Category: Tax

What To Do With An RMD You Don’t Need

This may seem like an unusual year to be talking about required minimum distributions (RMDs) since Congress has temporarily eliminated them in 2020 due to the COVID-19 pandemic. But they haven’t gone away. After all, the government does need to collect the taxes they allowed you to defer throughout your working years. If you’re a…
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The Most Tax Efficient Way To Contribute to Charity in 2020

Federal tax benefits for the charitably-inclined have undergone a seismic shift over the past three years. Between the Tax Cuts and Jobs Act of 2017, the SECURE Act of 2019, and the three acts passed earlier this year collectively known as the CARES Act, the federal government has not only changed the rules but has…
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One Action You Can Take During a Market Downturn

During times of stress we naturally feel the urge to do something, if only to create the illusion that we have some degree of control over the situation. But after a market meltdown advisors will tell you (correctly) that selling stocks now would achieve nothing except to lock-in losses. So doing nothing, especially if you…
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Understanding the New SECURE Act

Congress and President Trump just passed the bipartisan Setting Every Community Up for Retirement Enhancement (SECURE) Act as part of another spending bill needed to keep the federal government operating for a few more months. The SECURE Act represents one of the biggest changes to retirement planning since 2010, and although there are some negative…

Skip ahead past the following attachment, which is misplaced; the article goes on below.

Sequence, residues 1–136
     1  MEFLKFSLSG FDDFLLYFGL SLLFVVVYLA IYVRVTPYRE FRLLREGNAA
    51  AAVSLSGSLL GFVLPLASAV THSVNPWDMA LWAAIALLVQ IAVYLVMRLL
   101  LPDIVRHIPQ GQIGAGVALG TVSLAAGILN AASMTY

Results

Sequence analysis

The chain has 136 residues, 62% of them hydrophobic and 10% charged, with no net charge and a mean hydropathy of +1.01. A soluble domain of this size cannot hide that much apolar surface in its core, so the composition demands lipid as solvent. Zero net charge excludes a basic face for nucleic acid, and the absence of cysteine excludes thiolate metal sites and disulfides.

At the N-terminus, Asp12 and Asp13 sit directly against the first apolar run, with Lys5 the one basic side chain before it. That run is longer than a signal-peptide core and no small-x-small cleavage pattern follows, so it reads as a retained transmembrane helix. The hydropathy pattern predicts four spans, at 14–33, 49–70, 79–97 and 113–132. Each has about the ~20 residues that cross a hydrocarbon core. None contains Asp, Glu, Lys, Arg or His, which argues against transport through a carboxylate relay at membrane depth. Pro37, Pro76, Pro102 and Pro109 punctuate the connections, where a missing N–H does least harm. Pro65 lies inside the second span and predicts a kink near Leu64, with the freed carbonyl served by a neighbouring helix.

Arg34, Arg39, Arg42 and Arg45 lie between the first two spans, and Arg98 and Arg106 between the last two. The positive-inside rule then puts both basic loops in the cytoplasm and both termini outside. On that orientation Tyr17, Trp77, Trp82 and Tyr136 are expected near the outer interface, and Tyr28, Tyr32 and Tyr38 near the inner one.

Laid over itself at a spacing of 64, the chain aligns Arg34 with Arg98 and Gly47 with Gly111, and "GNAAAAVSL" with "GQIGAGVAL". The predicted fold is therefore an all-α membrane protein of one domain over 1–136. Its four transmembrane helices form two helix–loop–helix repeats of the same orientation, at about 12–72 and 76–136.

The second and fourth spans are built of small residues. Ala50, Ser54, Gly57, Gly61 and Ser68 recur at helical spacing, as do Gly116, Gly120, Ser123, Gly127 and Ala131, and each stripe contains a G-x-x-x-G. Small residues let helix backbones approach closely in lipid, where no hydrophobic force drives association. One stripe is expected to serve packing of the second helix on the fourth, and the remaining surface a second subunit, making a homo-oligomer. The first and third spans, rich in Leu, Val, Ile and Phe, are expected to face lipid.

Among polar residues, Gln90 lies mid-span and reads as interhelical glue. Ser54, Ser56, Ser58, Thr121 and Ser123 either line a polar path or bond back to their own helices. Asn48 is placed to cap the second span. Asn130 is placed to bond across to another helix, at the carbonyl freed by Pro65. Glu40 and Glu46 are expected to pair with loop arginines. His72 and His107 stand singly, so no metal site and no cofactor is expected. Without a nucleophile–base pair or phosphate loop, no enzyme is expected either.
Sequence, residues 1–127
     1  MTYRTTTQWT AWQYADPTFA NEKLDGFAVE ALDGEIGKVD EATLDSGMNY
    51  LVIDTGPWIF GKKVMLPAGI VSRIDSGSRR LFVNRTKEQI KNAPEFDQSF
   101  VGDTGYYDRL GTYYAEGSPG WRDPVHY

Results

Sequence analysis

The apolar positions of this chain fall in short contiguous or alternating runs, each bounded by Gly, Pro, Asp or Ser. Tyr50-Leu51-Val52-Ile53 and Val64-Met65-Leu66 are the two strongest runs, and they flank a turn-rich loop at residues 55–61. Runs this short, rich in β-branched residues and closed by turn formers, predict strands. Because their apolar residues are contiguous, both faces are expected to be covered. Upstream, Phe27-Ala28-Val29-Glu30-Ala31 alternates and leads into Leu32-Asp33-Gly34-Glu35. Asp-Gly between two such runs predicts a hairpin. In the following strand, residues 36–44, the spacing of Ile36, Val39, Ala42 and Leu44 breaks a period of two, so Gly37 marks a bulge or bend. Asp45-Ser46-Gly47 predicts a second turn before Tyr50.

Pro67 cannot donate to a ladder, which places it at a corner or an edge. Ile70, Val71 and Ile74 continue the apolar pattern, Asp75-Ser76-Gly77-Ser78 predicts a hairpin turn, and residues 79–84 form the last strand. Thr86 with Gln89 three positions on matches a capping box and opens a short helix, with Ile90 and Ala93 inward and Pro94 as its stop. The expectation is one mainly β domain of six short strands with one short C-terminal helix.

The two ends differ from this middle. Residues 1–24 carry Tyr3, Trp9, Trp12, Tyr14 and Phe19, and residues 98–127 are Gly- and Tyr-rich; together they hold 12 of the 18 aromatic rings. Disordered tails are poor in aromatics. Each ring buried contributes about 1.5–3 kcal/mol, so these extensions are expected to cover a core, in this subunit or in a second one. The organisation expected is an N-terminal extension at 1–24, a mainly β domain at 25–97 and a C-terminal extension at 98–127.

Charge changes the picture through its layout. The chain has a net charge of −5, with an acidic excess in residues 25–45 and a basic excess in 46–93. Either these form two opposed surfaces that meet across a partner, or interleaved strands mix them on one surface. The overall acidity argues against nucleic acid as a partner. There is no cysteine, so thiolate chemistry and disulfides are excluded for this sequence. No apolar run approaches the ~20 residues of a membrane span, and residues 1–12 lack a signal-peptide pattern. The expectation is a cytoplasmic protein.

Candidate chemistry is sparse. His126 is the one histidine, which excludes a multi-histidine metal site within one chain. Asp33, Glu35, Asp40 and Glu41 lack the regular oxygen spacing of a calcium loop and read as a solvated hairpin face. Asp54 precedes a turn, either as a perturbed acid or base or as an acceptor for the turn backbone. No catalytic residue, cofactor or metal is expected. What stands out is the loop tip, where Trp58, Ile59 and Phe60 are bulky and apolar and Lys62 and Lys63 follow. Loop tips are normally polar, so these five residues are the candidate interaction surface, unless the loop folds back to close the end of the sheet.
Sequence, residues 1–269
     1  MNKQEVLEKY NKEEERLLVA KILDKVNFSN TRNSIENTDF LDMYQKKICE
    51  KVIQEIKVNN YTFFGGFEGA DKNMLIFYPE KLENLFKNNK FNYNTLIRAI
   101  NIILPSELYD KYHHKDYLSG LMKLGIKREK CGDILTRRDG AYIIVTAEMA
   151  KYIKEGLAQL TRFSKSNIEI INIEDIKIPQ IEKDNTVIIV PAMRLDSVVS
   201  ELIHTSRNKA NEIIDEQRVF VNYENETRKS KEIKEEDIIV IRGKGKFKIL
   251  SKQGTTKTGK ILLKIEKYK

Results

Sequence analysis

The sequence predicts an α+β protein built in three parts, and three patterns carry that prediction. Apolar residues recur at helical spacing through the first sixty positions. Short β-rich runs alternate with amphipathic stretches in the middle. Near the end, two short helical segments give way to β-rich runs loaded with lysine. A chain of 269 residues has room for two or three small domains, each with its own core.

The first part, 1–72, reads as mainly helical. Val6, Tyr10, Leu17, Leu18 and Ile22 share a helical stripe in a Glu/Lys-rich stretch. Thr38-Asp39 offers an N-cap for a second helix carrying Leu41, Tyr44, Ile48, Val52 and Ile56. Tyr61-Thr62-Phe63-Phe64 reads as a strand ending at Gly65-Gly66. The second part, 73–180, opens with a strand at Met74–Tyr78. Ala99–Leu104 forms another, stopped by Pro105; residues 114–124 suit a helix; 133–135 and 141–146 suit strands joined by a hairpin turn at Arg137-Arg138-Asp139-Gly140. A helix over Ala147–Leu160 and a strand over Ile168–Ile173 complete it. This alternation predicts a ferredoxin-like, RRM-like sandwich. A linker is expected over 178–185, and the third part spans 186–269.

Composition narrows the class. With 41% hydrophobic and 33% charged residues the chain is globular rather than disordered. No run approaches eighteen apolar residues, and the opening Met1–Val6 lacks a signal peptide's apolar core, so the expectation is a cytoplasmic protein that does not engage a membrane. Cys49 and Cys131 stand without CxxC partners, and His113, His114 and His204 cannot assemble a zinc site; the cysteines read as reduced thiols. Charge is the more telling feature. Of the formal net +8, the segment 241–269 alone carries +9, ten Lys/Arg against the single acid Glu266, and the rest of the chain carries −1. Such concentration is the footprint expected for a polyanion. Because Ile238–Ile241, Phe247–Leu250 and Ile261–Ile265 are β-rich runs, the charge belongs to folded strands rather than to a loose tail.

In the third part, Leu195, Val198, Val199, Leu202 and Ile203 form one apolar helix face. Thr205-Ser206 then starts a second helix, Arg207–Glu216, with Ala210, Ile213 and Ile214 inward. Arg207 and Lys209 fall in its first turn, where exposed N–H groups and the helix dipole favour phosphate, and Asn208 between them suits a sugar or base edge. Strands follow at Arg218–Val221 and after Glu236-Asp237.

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Tax Refunds Were Lower in 2018. So What?

Just a heads up that this is going to be another media rant. But not the typical kind in which I take issue with the media spending less time on reporting facts than on speculating about them. This time it’s about taxpayers getting $6 billion less in refunds from their 2018 tax returns than they…
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How Still To Get Charitable Tax Deductions

As a result of the passage of the Tax Cuts & Jobs Act in 2017, taxpayers (especially in California) may find themselves losing some of the deductions they used to get for charitable contributions on their 2018 taxes. Let’s use a simple example to explain this. Suppose you are married and have the following annual…
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